• App: The name of the app
  • Category: The category of the app. Some examples are ART_AND_DESIGN, FINANCE, COMICS, BEAUTY etc.
  • Rating: The current average rating (out of 5) of the app
  • Reviews: The number of user reviews of the app
  • Installs: The number of times the app was downloaded from the Google Play App Store ? Price: The price of the app in USD

Some of the apps are missing ratings. These apps have an empty value as a rating instead of an actual number. Handle this in a way you think best and discuss your solution in the User Documentation.

Displaying A Menu (5%)

Once you have read in the data from the file, your next task is to display a menu asking the user which of the following options they wish to perform:

  1. Add filters: lets the user select a smaller portion of apps to print or graph
  2. Print app names: prints the names of the filtered apps
  3. Graph apps: graphs the filtered apps
  4. Exit: exits the program

Adding Filters (20%)

This menu option allows the user to add filters to the data read in from the CSV file to help gain insights into the data. The user should have the ability to add filters on category, rating, reviews and installs. The user should also be able to add filters on multiple of these attributes. You don’t need to have the option to remove a filter once it has been added, although you can if you would like to. This is how adding a filter to each attribute should work:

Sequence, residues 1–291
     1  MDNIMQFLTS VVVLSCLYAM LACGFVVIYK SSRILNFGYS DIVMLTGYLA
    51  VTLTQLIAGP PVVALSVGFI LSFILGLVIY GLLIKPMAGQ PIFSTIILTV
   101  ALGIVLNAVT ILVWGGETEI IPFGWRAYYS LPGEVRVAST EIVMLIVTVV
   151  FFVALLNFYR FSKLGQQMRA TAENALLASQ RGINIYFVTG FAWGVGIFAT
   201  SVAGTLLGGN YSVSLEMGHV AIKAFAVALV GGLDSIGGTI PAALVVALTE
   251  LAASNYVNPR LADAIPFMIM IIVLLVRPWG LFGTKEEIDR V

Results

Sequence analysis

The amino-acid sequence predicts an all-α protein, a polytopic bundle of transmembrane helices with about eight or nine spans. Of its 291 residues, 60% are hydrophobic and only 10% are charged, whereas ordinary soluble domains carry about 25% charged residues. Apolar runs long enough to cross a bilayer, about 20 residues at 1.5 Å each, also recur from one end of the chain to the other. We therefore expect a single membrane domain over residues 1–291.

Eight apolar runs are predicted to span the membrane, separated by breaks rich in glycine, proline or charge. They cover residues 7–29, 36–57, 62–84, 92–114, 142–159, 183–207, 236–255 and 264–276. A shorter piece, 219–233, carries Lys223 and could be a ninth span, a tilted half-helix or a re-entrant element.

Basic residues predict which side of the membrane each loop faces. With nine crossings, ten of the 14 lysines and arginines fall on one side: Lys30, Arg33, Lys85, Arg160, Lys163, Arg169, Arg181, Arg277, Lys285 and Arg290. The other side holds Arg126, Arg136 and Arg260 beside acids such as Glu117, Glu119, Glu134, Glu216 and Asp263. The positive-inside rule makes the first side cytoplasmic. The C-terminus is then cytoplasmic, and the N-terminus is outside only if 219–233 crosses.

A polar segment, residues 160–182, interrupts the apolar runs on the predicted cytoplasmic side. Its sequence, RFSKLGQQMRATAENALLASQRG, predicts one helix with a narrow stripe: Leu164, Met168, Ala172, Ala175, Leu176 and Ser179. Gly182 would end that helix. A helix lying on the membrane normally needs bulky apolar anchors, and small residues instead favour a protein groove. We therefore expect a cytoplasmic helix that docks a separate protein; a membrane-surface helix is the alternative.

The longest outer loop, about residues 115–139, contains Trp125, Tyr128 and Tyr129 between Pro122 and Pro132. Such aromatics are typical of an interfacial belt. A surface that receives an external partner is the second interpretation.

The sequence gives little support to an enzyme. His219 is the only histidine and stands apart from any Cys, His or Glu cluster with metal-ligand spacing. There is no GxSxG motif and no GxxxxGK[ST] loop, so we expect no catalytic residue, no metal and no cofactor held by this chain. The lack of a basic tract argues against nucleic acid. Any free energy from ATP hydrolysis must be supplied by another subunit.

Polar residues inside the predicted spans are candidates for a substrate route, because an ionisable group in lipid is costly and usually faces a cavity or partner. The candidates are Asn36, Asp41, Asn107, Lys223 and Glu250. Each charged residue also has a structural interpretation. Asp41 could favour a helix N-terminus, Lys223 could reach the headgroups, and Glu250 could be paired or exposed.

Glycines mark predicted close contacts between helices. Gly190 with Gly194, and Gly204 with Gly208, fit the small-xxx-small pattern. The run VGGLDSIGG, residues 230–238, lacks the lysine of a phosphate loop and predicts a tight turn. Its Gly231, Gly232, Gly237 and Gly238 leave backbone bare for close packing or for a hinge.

• Category: the user is shown the 33 different app categories available and can select one. Once a category is selected then only apps in that category should be used for future filter operations, for printing the app names and for plotting the data. These 33 categories should be retrieved from the data using code and should not be hardcoded. In other words, if the app categories changed in the file then should program should display the updated categories without changing the code.
  • Rating: the user is given the option to choose a low rating and a high rating. Only apps with ratings between the low and high given should be used for future filter, printing and graphing operations. Ratings are always between 0 and 5 inclusive of both numbers (you can hardcode these boundaries).
  • Reviews: the user can choose a minimum number of reviews and a maximum number of reviews. Only apps with reviews between the minimum and maximum should be used for future filter, printing and graphing operations. The number of reviews can never be less than zero. The maximum should be calculated based on the values in the file.